AP: It was a little tough because I constantly had this mental pitchfork behind me of “Am I getting it right?” “Is it accurate?” When I make one of these films like this one or “About Schmidt” or “Sideways,” I always consider that the primary audience for those films is comprised by the people who live there. I made “About Schmidt” for Omahans and “Sideways” for residents of Santa Barbara County and for sure this film for Hawaii. I wanted it really to be a gift to that state because I knew it would also become a document. One hundred and fifty years from now those poor students at UH who take a class in Hawaii as portrayed in film and literature over the centuries, they’re going to have to watch this film and I wanted to make sure it had some degree of accuracy. I was constantly asking questions, constantly having the open eyes and ears I would say of a documentarian, so that what’s behind the story rings true. Even in front of the story, the casting, those cousins of one of those fancy families, some of the casting is from those actual fancy families. They’re from people who really look like that.

Q: You put things in there that give it that authentic sense, like the expression ‘haole.’ Do you worry that people are going to wonder what this means?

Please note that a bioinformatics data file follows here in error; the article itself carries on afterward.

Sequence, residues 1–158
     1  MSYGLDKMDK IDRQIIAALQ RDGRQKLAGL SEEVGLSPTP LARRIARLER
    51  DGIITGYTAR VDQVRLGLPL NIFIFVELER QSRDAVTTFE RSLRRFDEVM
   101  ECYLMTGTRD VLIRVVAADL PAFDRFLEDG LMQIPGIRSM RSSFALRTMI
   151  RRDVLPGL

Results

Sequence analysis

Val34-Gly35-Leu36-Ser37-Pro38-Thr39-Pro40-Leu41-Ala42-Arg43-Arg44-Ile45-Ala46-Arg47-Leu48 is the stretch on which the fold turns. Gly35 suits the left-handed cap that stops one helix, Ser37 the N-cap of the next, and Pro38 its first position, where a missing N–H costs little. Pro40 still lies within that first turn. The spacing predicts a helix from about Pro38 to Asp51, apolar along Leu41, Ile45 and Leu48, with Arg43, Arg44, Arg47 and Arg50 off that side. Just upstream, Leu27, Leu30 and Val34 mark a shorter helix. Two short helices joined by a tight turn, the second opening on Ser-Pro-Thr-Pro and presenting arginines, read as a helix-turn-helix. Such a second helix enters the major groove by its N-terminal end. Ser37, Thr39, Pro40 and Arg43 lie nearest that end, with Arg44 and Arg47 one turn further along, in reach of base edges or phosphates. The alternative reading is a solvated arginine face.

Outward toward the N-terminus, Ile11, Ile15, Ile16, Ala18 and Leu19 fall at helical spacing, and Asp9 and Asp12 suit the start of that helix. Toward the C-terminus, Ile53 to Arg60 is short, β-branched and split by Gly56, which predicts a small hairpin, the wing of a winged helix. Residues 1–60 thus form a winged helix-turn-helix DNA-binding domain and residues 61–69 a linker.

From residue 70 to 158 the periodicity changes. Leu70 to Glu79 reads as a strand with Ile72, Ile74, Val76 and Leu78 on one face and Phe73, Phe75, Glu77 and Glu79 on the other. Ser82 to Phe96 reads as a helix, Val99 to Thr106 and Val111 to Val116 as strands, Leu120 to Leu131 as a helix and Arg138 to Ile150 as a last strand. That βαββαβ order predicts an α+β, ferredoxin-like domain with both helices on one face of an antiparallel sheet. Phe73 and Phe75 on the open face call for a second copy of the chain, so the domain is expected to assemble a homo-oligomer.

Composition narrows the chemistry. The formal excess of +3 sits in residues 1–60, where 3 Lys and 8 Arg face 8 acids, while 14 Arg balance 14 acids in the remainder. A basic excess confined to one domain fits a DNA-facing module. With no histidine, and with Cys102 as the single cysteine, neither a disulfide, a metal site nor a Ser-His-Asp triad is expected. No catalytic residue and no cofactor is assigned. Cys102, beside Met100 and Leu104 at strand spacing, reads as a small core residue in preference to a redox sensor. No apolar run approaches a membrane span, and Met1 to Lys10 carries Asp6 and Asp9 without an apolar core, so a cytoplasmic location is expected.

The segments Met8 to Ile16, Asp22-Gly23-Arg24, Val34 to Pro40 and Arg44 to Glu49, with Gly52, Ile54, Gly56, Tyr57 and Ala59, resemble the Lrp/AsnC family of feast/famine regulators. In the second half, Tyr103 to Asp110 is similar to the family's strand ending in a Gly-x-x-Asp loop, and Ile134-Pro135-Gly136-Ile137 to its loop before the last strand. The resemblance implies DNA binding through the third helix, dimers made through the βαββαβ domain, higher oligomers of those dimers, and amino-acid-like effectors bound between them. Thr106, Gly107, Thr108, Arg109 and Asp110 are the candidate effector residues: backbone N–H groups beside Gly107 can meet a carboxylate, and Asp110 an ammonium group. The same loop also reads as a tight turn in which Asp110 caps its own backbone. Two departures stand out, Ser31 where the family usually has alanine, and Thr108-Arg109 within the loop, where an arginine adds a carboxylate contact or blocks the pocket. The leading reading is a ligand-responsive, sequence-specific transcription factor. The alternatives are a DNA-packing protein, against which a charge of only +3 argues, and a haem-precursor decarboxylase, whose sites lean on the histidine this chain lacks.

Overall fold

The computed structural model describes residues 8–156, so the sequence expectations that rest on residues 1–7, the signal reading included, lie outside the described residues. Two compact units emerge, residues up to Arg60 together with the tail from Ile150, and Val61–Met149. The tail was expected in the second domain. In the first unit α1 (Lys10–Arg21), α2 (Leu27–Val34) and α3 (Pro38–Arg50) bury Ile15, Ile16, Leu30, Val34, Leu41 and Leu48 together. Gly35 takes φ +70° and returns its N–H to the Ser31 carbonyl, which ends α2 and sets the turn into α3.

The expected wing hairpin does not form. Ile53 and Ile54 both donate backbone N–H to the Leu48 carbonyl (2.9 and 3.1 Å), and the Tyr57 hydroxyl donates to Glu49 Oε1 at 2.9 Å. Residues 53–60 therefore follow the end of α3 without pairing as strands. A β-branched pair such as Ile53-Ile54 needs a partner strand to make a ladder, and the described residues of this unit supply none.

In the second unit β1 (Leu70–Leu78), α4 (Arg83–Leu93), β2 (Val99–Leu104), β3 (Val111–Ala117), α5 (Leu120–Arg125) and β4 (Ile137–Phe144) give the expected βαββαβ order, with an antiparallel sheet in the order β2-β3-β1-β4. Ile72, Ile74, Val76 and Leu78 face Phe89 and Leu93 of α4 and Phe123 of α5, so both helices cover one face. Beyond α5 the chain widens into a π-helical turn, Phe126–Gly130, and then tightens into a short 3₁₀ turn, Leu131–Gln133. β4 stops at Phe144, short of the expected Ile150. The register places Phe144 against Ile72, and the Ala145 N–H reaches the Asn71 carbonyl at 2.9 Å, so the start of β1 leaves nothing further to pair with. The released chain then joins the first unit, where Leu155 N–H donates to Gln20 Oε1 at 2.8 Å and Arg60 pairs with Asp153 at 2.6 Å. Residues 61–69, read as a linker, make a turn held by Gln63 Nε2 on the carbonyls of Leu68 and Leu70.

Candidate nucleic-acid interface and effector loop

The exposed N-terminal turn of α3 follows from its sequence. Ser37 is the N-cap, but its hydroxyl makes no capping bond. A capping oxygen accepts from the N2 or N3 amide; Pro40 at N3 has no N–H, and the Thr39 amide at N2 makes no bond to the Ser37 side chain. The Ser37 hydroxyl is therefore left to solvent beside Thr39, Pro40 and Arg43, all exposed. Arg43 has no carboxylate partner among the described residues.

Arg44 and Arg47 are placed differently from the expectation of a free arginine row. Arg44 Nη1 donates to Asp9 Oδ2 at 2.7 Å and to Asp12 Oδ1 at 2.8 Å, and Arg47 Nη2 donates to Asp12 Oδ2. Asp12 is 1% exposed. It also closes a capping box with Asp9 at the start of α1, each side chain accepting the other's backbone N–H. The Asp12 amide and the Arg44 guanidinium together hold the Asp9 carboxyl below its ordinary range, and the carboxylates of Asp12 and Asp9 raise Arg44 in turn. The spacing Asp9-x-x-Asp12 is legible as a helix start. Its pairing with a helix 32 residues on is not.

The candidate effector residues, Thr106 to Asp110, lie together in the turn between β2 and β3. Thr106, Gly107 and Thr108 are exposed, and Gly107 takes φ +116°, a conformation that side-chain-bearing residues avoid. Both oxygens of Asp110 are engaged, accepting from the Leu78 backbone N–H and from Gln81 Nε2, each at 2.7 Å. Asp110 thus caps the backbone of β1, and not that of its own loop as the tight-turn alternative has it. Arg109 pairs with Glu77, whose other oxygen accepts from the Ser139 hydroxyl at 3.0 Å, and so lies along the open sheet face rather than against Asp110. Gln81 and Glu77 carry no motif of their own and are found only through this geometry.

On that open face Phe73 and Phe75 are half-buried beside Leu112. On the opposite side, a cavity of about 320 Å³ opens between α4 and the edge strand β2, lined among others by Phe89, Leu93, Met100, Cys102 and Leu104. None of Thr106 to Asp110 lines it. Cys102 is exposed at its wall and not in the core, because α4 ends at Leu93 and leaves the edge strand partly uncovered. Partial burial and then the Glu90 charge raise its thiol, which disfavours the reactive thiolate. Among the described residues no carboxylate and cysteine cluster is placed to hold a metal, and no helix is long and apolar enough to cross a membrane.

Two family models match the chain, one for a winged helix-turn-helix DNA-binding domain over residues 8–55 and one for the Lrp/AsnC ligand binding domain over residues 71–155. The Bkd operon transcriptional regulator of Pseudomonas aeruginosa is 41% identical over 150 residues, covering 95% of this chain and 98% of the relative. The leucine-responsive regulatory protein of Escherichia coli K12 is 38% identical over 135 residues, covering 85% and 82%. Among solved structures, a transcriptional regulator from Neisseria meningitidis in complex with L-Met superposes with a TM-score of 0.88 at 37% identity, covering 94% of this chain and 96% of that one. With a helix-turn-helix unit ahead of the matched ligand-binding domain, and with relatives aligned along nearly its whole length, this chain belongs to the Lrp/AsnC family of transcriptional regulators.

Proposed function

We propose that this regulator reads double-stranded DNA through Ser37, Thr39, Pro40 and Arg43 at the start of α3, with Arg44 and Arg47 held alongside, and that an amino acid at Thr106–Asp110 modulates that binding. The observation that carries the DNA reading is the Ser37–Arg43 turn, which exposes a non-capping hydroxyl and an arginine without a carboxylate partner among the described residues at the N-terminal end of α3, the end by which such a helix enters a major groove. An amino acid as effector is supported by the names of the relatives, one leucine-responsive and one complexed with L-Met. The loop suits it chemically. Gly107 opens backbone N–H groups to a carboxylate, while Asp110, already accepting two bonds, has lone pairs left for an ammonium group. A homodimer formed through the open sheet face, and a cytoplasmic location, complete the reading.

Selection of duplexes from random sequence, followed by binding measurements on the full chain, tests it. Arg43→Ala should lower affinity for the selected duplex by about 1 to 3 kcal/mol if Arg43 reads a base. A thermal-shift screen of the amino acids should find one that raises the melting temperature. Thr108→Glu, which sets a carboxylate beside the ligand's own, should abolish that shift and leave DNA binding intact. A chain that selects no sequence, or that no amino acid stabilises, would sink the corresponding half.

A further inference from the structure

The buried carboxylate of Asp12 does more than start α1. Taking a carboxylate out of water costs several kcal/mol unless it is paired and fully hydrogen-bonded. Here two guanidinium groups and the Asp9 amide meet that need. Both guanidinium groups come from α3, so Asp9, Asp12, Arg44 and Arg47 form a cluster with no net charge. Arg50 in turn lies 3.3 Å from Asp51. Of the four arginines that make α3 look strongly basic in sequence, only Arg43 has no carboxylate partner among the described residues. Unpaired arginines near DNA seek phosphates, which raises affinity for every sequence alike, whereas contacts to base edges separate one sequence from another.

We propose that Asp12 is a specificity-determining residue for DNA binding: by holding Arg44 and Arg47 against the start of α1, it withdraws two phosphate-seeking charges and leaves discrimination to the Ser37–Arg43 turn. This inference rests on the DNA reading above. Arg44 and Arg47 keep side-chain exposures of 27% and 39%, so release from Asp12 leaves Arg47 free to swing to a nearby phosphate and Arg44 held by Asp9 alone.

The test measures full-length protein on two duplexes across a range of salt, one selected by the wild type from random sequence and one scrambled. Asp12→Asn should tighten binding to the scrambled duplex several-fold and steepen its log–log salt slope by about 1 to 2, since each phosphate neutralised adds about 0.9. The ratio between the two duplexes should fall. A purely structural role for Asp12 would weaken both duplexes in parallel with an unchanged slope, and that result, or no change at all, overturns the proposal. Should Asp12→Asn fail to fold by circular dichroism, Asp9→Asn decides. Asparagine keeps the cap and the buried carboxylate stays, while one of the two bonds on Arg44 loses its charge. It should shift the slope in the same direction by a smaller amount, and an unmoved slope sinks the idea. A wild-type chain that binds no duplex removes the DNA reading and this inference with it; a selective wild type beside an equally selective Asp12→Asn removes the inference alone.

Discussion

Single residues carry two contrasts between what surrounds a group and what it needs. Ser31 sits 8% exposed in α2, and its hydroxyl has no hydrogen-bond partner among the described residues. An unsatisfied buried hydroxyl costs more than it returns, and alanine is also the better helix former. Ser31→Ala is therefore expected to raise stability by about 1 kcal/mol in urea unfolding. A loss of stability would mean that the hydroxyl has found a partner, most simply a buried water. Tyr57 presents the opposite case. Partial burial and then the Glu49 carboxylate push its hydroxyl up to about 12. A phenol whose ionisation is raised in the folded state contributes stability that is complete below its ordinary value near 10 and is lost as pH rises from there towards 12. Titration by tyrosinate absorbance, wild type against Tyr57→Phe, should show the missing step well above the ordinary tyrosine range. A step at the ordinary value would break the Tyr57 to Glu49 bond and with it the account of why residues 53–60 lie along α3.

AP: Some people will know what it is you did and other people don’t. You have to have things in your movies that not everyone understands. If you have your movies so that everyone understands everything, I think that’s probably not a very good movie.

Q: It seems like so many studio films are exactly that. They feel like they can’t risk people not understanding or not getting it.

AP: Look, I make comedies and I always try…I don’t try but I allow to have at least 5% of the jokes or have some jokes that I know will be understood by only about 5% of the audience. It’s that guy in the corner who gets it and laughs. But he has to have his jokes too. That’s part of my audience. Part of my audience is the people who will only get certain things. They have to be addressed as well.